The school year is winding down. There are two weeks that stand between myself and graduation — between my present life and the daunting unknowns of life after graduation. As I attempt to sort out my plans for the fall, there is a large part of me that is under the impression that I must immediately do something radical with my life now that I am no longer a college student. The excuses no longer exist: I need to start changing the world, and I needed to start this movement yesterday. But how does one begin to change this world, the world that has survived many years of life without my presence? If I do not immediately have something to show for my time here at Harding, whether that is a grad school acceptance letter, a diamond on my finger or a prestigious job offer in a new part of the country, then it feels like I am not on track to begin transforming the world. Perhaps I am alone in this feeling, but it weighs on me daily and is slowly detracting from my present moments.
I believe God sees me and that he sees you; I believe that the Spirit in a loved one has the capacity to understand and speak to the Spirit that dwells in me. This belief is fortified in me when a present worry or question that I have is answered by the wisdom of a friend. One of my lifelong friends, Mac Conn, has always expressed the sentiment that “love proves itself in abiding.” I do not think I grasped the magnitude of this concept until I heard a full sermon Mac recently gave titled “Love Abides and Stewardship Sanctifies.”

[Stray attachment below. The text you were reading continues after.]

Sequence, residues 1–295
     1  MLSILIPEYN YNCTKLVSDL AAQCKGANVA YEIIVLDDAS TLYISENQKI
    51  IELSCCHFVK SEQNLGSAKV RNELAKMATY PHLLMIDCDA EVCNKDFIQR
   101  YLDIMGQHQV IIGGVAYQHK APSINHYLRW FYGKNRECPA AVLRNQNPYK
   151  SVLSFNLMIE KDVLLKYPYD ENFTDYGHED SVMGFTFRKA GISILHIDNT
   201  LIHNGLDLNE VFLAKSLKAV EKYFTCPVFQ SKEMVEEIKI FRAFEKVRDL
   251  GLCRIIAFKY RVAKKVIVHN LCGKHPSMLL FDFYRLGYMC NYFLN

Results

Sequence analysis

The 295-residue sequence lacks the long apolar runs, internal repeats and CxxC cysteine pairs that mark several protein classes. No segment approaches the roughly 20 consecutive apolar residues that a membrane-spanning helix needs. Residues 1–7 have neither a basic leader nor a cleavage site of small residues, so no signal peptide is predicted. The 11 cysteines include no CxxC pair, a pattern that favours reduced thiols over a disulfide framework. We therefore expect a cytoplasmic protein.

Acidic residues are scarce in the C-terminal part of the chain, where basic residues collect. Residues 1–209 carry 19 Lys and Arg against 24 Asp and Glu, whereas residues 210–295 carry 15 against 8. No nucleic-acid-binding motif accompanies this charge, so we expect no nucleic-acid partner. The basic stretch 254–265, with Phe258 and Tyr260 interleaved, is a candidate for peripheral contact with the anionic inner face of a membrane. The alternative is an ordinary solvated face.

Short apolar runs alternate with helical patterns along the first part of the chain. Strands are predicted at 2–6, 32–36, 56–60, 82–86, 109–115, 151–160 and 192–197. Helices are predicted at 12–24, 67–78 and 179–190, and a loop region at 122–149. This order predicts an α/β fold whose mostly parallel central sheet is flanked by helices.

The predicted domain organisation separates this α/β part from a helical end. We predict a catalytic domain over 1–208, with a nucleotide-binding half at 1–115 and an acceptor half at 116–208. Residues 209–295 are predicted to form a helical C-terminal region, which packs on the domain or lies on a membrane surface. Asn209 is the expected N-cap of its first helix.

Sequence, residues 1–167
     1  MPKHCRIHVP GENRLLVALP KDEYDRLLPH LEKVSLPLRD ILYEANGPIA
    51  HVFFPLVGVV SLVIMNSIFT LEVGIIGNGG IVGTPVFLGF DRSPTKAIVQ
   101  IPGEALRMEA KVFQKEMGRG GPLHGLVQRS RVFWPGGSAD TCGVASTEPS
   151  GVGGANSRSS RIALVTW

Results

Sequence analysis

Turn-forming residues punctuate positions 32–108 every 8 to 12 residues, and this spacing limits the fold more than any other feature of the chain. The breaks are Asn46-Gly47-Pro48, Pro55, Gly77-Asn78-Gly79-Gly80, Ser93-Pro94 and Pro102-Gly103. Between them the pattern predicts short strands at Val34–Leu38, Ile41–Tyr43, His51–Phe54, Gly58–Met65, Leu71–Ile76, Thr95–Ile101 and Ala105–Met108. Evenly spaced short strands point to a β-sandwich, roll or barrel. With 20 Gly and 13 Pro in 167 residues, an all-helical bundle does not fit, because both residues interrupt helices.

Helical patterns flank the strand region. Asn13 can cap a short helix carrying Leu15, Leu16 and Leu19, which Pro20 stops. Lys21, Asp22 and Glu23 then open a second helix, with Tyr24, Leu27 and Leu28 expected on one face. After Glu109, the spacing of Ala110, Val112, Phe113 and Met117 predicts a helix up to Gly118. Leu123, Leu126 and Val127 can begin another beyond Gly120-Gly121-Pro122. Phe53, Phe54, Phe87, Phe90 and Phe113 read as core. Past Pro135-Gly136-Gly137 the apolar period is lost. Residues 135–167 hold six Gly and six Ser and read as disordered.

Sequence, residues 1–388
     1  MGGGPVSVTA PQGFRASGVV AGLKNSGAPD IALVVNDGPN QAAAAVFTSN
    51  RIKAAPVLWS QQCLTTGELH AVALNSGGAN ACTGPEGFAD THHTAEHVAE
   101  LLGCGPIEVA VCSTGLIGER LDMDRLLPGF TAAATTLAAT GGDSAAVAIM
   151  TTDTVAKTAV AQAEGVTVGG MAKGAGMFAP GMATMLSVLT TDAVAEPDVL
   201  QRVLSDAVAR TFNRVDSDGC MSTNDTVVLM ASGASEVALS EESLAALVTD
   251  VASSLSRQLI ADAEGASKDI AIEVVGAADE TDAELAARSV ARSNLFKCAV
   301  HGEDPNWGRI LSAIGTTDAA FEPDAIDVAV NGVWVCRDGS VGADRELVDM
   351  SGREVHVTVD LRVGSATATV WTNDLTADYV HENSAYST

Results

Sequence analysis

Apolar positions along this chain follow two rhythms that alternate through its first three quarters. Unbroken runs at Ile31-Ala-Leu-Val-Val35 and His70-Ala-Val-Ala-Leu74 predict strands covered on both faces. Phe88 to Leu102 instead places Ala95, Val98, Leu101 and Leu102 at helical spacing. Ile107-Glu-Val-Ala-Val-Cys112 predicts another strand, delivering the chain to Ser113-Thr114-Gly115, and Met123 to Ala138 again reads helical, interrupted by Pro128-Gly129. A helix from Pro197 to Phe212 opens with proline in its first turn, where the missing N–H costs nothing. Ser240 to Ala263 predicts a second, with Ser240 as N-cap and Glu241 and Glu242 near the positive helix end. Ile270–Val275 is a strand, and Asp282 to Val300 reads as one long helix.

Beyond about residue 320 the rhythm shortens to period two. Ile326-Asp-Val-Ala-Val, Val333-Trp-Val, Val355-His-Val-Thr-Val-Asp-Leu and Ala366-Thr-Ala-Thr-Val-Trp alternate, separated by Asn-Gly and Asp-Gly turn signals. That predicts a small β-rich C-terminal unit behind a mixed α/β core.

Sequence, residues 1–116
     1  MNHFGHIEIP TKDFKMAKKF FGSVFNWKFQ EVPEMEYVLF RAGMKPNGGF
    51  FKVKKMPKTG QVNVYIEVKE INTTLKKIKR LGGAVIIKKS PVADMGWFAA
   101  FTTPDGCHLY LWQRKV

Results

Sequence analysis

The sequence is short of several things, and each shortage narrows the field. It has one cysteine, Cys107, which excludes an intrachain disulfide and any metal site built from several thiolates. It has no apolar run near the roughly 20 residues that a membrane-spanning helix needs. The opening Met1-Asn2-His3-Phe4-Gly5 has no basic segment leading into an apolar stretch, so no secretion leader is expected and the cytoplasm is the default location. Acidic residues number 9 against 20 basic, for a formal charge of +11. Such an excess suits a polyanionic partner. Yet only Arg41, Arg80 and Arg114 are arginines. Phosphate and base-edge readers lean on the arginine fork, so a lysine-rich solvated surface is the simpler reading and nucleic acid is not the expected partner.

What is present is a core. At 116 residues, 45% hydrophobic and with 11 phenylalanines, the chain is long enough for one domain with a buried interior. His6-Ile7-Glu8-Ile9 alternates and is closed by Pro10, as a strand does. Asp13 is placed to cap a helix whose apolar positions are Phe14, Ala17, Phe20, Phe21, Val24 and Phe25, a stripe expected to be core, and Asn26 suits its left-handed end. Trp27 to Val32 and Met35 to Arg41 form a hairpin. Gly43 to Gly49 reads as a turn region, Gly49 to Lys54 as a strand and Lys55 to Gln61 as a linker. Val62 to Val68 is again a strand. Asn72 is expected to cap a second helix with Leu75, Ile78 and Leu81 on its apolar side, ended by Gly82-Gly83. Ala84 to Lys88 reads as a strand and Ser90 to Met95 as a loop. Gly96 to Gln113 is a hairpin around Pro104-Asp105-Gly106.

He began by asking his audience what they would do if they knew the world would end in one week. Would the mundane tasks we daily engage in fall to the wayside as we frantically scurry to “live well”? He primarily focused on 1 Thessalonians 4:9-12, where Paul invites the church to “lead a quiet life,” where they love one another well and work with their hands. Mac challenged those listening to re-examine the seemingly mundane encounters we have. How would our lives change, how would the world change, if we allowed our daily duties to teach us discipleship and help us love our neighbor better?
If my dream is to play a valuable part in the betterment of this world, I must begin by loving my neighbor well; I must shift my perspective and see the things I “have to do” as opportunities and gifts; I must, as Mac said, intentionally take care of what I have been given. Engaging in these practices will prepare me to take my place in the transforming of the world that Christ has called all of us to. If I fail to show my love by abiding with those around me and inviting God into mundane spaces, then why should I expect to be trusted with more? You may feel like your daily responsibilities are hindering you from doing something that is meaningful and worthy of celebration. I want to extend Mac’s challenge to you: Perhaps the small things you have been entrusted with now are preparing you for future moments of discipleship.